YOUNGSTERS from FK postcodes have the opportunity to enter an exciting new contest.

Edinburgh’s Hogmanay has launched a writing competition calling for aspiring young writers to create their own short story inspired by Edinburgh, the world’s first UNESCO City of Literature.

Three will be selected to appear alongside a new work by Val McDermid in Message from the Skies.

Launching at dusk on New Year’s Day 2018, Message from the Skies runs until Burns Night on January 25. 

Inspired by a line from Robert Burns’ poem Sketch New Year’s Day. To Mrs Dunlop (1790), Edinburgh’s Hogmanay and the Edinburgh International Book Festival have commissioned Val McDermid to write a short story, New Year’s Resurrection, which will be told in a series of chapters through projections onto buildings and landmarks around Edinburgh.

Val McDermid will collaborate with director and dramaturg Philip Howard of emergent theatre company Pearlfisher, Edinburgh based architectural projection mapping specialists Double Take Projections, and three of Scotland’s finest composers and sound designers; Michael John McCarthy, Pippa Murphy and RJ McConnell to bring the story to life.   

The project creates a magical new walking tour to lead residents and visitors through Edinburgh’s iconic streets, which have inspired some of the world’s finest authors over the centuries - from Sir Arthur Conan Doyle and Robert Louis Stevenson to J K Rowling and Muriel Spark.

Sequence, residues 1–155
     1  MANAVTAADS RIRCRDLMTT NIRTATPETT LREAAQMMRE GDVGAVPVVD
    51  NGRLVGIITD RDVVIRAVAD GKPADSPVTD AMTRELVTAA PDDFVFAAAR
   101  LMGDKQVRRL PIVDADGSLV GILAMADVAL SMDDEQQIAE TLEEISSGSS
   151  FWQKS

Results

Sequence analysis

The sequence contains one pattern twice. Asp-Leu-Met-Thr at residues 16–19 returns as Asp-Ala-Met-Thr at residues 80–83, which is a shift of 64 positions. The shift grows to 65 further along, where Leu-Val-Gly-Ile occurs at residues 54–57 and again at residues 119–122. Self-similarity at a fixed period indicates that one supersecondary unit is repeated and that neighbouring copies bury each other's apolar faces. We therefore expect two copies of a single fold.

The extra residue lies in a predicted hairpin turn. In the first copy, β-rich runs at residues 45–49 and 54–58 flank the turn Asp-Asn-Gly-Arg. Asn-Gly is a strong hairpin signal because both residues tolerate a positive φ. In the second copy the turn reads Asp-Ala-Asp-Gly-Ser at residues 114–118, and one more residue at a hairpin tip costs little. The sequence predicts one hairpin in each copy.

From January 2, for one hour, ahead of the main presentation of New Year’s Resurrection a new short story by a local young writer will be projected onto a number of the buildings.

Each young writer’s work will be featured for one week of between January 2 and 25 on show to thousands of visitors and residents. 

New Year’s Day marks the beginning of the Year of Young People 2018. 

Edinburgh’s Hogmanay’s young writing competition for Edinburgh, the Lothians, Fife and Falkirk will be adjudicated by Ali Bowden, Director, Edinburgh UNESCO City of Literature Trust and Janet Smyth, Children & Education Programme Director, Edinburgh International Book Festival.

The competition is open now to pupils of primary and secondary schools, school leavers under 18 and pupils of special schools in the EH, FK or KY postcodes and will run until the November 15.

Stories can be submitted via and also by post.

In a short film to encourage and inspire young people to enter the competition, Val McDermid said: “A good story is like a three-legged stool. It depends on character, it depends on setting and it depends on the plot.

“You’ve got these three elements, keep them in balance and it won’t fall over."

She added: “If you’re stuck for what to write get off your bum, get out the door and get writing.”

Message from the Skies will illuminate the dark January evenings and transform buildings and landmarks with storytelling, as each becomes a chapter in the tale, allowing the experience to be enjoyed as a whole story in one evening or over a period of time, like any good book.

The project will be accompanied by an app filled with additional content about the story and buildings, and will translate Val’s story into seven languages – French, German, Italian, Japanese, Mandarin, Polish and Spanish, making the project equally accessible to visitors to Edinburgh.

The app will also read the text in English to partially sighted audiences.

Message from the Skies is commissioned and presented by Edinburgh’s Hogmanay and the Edinburgh International Book Festival, produced by Underbelly and Pearlfisher, in partnership with Edinburgh UNESCO City of Literature Trust and is developed with support from Creative Scotland through the Scottish Government’s Edinburgh Festivals Expo Fund.